Renault COO Resigns after Hinting Intention to Seek GM’s Top Post

Renault COO Resigns after Hinting Intention to Seek GM’s Top Post

Carlos Tavares, chief operating officer of Renault SA (EPA:RNO) resigned after publicly stating his intention to pursue the top post in U.S. car manufacturers, General Motors Company (NYSE:GM) or Ford Motor Company (NYSE:F).

Renault COO Resigns after Hinting Intention to Seek GM's Top Post

According to the press statement of Renault SA, its CEO Carlos Ghosn will temporarily takeover the responsibilities of Tavares, who will “cease his functions of chief operating officer to pursue other personal projects.” The company did not provide details regarding its management organization plans, but said it will make decisions soon.

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In an interview with Bloomberg on August 14, Tavares expressed his interest in leading either General Motors Company (NYSE:GM) or Ford Motor Company (NYSE:F) because Ghosn wants to remain as CEO of Renault SA (EPA:RNO) in the years ahead.

“We have a big leader and he is here to stay. Anyone who is passionate about the auto industry comes to a conclusion that there is a point where you have the energy and appetite for a No. 1 position,” said the Tavares during the interview.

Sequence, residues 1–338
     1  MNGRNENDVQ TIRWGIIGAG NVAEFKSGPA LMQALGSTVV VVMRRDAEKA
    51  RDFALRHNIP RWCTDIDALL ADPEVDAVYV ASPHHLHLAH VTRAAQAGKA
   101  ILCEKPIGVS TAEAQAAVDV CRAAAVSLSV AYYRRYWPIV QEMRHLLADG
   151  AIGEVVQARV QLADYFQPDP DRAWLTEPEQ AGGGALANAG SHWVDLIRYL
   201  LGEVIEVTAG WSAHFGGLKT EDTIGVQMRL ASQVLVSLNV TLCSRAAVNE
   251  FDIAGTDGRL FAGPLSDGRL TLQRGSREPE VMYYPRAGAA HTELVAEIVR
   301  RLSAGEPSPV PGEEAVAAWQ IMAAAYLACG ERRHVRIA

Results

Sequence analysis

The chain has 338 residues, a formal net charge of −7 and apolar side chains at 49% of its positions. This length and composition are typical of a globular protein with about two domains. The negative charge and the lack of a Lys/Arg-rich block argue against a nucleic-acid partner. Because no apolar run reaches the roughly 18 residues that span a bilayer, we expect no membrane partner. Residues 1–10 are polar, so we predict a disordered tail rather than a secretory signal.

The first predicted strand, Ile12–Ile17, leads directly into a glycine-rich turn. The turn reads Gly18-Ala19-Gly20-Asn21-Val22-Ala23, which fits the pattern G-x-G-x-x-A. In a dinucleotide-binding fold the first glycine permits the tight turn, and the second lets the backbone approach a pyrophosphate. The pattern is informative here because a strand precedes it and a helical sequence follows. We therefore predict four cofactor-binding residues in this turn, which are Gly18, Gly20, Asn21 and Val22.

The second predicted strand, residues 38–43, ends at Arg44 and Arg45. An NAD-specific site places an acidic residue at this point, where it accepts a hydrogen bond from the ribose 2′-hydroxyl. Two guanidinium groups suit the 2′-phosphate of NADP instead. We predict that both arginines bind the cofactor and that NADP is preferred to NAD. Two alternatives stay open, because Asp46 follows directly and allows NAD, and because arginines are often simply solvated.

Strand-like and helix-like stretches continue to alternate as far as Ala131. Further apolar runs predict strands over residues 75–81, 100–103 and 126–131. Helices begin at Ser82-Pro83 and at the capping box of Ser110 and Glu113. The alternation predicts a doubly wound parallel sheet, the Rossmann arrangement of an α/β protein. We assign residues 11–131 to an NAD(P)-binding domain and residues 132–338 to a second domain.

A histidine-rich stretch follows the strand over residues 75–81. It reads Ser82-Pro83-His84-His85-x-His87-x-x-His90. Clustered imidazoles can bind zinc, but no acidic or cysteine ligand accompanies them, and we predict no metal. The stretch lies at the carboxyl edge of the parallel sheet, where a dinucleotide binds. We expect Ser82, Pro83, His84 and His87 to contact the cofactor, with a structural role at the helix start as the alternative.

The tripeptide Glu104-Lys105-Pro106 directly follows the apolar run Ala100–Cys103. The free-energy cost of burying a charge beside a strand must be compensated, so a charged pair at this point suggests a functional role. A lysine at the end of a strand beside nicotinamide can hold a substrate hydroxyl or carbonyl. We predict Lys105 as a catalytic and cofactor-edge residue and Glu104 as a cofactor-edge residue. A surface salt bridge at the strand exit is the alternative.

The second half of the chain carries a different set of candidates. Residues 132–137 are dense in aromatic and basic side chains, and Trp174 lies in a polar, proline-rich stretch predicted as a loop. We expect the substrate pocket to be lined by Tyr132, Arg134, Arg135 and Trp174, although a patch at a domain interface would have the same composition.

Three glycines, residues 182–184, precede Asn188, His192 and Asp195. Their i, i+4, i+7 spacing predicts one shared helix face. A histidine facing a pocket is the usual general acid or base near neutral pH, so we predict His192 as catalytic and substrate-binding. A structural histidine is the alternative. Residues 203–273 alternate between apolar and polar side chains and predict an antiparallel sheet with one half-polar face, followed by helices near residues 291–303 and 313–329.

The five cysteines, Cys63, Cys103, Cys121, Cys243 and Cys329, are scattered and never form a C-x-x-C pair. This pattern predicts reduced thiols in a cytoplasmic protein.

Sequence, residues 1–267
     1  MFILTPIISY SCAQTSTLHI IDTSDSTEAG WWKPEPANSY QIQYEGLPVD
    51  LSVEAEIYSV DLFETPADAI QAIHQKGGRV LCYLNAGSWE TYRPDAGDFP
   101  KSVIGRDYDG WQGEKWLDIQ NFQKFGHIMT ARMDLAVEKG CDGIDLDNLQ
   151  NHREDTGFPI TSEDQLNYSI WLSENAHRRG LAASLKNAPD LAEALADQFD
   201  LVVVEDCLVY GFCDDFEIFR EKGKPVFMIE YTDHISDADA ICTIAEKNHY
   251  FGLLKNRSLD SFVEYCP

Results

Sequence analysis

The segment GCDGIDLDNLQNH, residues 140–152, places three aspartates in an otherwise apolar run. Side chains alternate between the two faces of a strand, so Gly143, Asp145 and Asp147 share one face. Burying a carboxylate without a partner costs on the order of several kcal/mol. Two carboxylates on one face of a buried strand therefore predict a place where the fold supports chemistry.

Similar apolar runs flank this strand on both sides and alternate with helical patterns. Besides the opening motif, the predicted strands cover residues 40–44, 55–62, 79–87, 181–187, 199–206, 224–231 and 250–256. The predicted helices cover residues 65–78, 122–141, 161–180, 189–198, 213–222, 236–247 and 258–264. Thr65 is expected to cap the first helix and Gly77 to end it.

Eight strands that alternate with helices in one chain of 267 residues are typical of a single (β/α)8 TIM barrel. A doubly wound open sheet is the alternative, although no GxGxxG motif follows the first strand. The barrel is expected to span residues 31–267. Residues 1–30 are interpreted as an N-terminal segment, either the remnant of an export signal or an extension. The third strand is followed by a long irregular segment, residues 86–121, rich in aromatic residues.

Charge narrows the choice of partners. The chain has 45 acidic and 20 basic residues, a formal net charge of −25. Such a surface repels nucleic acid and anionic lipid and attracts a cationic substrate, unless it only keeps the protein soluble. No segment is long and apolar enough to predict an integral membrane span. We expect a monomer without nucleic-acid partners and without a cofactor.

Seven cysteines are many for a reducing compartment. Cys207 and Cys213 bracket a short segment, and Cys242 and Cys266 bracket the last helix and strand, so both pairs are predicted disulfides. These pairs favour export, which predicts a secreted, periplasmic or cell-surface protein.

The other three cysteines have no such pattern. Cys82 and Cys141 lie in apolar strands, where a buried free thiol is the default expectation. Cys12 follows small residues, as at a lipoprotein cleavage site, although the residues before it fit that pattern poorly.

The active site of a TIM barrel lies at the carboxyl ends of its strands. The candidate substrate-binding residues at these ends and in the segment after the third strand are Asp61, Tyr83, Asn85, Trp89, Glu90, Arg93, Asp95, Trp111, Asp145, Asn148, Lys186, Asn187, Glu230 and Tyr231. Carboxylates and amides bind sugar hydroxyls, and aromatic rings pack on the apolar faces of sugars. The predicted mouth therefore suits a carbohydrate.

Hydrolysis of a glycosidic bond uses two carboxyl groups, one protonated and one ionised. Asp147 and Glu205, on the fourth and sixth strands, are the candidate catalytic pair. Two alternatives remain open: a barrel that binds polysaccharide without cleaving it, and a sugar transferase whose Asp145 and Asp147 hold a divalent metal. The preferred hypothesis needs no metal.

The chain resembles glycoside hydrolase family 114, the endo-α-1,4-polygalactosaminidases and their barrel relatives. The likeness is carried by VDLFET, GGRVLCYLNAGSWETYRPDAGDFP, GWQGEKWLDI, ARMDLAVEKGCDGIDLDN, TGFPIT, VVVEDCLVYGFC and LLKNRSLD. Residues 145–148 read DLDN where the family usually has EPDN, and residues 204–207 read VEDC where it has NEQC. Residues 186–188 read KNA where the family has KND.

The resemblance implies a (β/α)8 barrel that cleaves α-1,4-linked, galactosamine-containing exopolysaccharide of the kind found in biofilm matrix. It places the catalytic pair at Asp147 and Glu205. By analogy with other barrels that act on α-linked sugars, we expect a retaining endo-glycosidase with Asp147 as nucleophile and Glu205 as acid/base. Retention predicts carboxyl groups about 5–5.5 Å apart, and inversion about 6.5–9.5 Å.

“My experience would be good for any car company. Why not GM? I would be honored to lead a company like GM,” he added.

Tavares joined Renault more than 30 years ago

Tavares joined Renault SA (EPA:RNO) as a test driving engineer more than 30 years ago, and moved up through the ranks. He was named COO after Patrick Pelata stepped down due to controversies that led to the wrongful dismissal of three senior managers. Tavares also served as chief of North American Operations of Nissan Motor Co., Ltd. (OTCMKTS:NSANY) (TYO:7201), an alliance partner of Renault.

Tavares helped Renault SA (EPA:RNO) to deliver unexpected profit growth during the first half of the year amid the weak deliveries within the industry in the European region due to labor cost reductions and higher vehicle prices. He was also responsible for reaching a deal with unions to reduce the company’s workforce in France by 17% and freeze wages in exchange for not shutting down its domestic plants for three years.

Jen Schattner, analyst at Macquarie Europe Ltd, described Tavares as a “very well regarded, very respected manager, with a clear focus on costs and profitability.”

Greg Martin, spokesperson at General Motors Company (NYSE:GM) told Bloomberg that Tavares is not joining the car-maker. “He’s not coming here,” said Martin.

On the other hand, John Cooney, spokesperson at Ford Motor Company (NYSE:F) said the car manufacturer does not discuss its succession plans externally because of competitive reasons.

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